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Illegal Border Crossings Into Mexico From Four Countries Down 97%

U.S. authorities have seen a ninety seven percent decline in illegal border crossings by migrants from Cuba, Haiti, Nicaragua and Venezuela since Mexico began accepting those expelled under a pandemic-era order, the Biden administration said Wednesday, the Associated Press reports. The announcement came one day after Texas and 19 other Republican-led states sued to stop widescale humanitarian "parole" for citizens of those four countries who apply online, fly to the U. S. and find a financial sponsor. The administration said Jan. 5 that it would admit up to 30,000 people a month from Cuba, Haiti, Nicaragua and Venezuela for two years with authorization to work. At the same time, Mexico agreed to take back the same number from those countries who enter the U.S. illegally and are expelled under Title 42, which denies them rights to seek asylum, with the stated goal of preventing the spread of COVID-19. Border crossings by migrants from those four nations had risen sharply, with no easy way to quickly return them to their home countries.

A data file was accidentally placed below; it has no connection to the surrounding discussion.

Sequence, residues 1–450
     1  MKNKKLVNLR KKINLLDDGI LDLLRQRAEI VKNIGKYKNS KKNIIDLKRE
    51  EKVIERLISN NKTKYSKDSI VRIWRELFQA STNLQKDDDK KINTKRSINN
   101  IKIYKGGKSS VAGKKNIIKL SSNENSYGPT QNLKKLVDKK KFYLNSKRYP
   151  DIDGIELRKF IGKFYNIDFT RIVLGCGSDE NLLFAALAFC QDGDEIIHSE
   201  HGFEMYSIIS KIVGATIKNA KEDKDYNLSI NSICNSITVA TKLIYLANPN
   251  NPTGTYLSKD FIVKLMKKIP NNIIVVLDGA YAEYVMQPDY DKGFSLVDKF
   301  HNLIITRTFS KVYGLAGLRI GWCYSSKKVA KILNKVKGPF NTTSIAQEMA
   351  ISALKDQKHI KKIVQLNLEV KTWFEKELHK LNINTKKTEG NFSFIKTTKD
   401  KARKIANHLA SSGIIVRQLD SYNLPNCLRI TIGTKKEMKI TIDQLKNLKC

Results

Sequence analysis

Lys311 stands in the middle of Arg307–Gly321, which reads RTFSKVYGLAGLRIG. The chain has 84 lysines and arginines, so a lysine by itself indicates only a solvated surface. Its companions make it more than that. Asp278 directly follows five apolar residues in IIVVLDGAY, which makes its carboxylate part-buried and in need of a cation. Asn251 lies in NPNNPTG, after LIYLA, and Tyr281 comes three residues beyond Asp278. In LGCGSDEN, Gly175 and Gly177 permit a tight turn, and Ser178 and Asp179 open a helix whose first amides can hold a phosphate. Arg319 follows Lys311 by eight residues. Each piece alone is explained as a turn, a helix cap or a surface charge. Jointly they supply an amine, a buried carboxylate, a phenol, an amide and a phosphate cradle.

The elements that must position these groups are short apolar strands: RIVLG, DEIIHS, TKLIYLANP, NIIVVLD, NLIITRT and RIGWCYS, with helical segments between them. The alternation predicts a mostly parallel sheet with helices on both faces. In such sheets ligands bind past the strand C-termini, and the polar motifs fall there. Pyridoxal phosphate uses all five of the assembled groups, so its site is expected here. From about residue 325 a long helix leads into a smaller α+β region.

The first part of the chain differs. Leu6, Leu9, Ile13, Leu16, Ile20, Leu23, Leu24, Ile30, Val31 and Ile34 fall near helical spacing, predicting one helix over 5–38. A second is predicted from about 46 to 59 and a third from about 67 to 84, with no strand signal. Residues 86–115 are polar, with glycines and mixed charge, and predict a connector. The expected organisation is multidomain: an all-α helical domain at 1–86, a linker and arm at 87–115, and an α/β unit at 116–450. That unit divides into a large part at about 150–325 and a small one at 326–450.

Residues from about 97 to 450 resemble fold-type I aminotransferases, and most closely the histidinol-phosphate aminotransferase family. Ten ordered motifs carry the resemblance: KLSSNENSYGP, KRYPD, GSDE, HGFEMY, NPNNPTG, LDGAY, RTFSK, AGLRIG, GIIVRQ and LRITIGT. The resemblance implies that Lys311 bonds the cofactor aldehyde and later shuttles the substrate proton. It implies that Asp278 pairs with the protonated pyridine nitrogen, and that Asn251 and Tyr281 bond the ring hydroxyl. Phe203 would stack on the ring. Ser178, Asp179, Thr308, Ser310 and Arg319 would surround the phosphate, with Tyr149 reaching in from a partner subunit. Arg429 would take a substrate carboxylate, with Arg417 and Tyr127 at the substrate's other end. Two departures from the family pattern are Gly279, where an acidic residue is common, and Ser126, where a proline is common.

“These expanded border enforcement measures are working,” said Homeland Security Secretary Alejandro Mayorkas. “It is incomprehensible that some states who stand to benefit from these highly effective enforcement measures are seeking to block them and cause more irregular migration at our southern border.” U.S. authorities stopped migrants from Cuba, Haiti, Nicaragua and Venezuela an average of 115 times a day along the Mexican border during a seven-day period that ended Tuesday, down from a daily average of 3,367 during the week that ended Dec. 11. The Texas-led lawsuit seeks to stop large-scale humanitarian parole for those four countries, which may total 360,000 people a year. It has been assigned to U.S. District Judge Drew Tipton in Corpus Christi, an appointee of President Trump who has ruled against President Biden on deportation priorities.


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